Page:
I looked at this
week’s Gospel text with fear and trembling—seminary doesn’t exactly offer a
class in ancient pronunciation. And then I looked at it with total confusion.
What does it matter, to us, today, who was the tetrarch of whatever so many
centuries ago? The details don’t matter a whole lot, but what matters is that
this Gospel author wanted us to know who was in charge, so that we could know
just who exactly John the Baptist was up against, and just who exactly he chose
to challenge with his message.
His message of the
baptism of repentance for the forgiveness of sin had relegated him to the very
margin of society and of Judea—the wilderness. And every word he said flew in
the face of every decree made by those powerful men. And his words were just
the warning for the words of Jesus! He was just the warm-up act! These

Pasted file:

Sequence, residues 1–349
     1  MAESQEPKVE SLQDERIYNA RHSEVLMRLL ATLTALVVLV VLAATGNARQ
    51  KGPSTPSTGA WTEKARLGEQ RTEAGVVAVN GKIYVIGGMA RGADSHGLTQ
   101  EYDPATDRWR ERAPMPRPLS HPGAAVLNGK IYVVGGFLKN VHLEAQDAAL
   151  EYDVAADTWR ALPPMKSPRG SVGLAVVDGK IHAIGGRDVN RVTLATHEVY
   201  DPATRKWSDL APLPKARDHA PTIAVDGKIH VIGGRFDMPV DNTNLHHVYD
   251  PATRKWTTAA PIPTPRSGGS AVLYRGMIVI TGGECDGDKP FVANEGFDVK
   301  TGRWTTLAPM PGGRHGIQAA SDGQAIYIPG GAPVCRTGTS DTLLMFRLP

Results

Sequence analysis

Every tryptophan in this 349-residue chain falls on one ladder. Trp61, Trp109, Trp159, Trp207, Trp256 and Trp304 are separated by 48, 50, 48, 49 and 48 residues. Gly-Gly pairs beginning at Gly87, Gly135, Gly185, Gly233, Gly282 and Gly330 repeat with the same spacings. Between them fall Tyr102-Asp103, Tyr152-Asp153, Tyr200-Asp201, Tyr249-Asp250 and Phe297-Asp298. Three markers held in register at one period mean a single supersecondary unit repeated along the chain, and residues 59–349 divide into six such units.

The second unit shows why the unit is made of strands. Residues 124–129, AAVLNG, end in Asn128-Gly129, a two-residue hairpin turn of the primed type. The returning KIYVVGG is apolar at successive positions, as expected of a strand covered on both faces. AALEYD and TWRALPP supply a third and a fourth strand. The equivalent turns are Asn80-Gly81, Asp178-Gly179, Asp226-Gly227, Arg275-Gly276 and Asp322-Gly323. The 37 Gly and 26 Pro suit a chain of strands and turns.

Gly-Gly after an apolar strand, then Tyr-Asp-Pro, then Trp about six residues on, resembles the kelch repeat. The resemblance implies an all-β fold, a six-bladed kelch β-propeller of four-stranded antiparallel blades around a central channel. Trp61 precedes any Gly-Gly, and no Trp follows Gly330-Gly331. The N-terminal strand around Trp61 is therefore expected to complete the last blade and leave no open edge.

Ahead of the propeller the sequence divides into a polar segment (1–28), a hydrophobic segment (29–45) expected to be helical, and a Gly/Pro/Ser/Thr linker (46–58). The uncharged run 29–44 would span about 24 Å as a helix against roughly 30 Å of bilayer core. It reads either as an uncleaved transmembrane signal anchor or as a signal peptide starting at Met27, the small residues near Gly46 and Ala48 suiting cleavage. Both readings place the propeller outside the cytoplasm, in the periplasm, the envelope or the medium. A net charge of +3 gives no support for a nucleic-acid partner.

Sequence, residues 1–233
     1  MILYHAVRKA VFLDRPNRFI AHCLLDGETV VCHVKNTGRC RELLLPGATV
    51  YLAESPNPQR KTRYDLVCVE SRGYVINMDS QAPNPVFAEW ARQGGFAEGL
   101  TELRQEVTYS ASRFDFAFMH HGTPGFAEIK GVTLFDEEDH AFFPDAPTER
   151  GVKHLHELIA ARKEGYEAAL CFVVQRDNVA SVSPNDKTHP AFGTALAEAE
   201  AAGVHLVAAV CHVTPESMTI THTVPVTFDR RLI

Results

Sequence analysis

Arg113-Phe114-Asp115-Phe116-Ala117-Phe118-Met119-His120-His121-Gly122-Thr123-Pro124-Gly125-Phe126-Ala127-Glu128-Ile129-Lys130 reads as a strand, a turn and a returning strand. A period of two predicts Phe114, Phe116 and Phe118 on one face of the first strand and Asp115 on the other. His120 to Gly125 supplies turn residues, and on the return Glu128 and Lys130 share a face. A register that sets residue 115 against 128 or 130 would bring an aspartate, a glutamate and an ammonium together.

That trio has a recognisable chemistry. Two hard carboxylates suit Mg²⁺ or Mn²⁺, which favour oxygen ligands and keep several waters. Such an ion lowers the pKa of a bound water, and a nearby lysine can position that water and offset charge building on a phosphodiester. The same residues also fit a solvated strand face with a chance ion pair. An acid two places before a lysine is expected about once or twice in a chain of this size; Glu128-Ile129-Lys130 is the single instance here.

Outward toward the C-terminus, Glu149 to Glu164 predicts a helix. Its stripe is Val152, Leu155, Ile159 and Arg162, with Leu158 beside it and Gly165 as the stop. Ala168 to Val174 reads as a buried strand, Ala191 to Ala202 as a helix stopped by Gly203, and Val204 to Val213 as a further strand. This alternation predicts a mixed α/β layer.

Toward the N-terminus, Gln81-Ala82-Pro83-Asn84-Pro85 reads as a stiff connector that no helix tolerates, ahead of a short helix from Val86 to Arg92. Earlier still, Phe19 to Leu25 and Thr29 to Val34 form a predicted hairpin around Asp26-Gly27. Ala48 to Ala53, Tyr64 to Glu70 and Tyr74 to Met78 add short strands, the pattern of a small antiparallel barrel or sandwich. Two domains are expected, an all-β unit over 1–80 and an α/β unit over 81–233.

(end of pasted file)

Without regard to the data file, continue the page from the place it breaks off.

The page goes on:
wilderness guys were not welcome to spread the good news among the rich and
Were we to take this
Gospel text into our own context, it might start out with some more familiar
names, though not necessarily easier to pronounce.
In the fourth year of
the Obama Administration, when John Boenher was the Speaker of the House, when
John Hickenlooper was Governor of Colorado and Mark Udall and Michael Bennet were
senators, and Debbie Brinkman was the mayor of Littleton, and as Mark Hanson
was the presiding Bishop of the ELCA, and Jim Gonia was the newly-elected
bishop of the Rocky Mountain Synod, and Dave Palma-Ruwe was the senior pastor
of Holy Trinity Lutheran Church…the word of God came to John, in the
This man John lives
in the wilderness not of Judea but of, say, Boulder, and eats not locusts and
honey but, say, a strictly vegan diet. And he proclaims the good news of Jesus
Christ to the masses.
This John, like the
John who came before, has been telling his friends and neighbors the good news
of Jesus. He’s been selling what he has and giving it away to the poor; he’s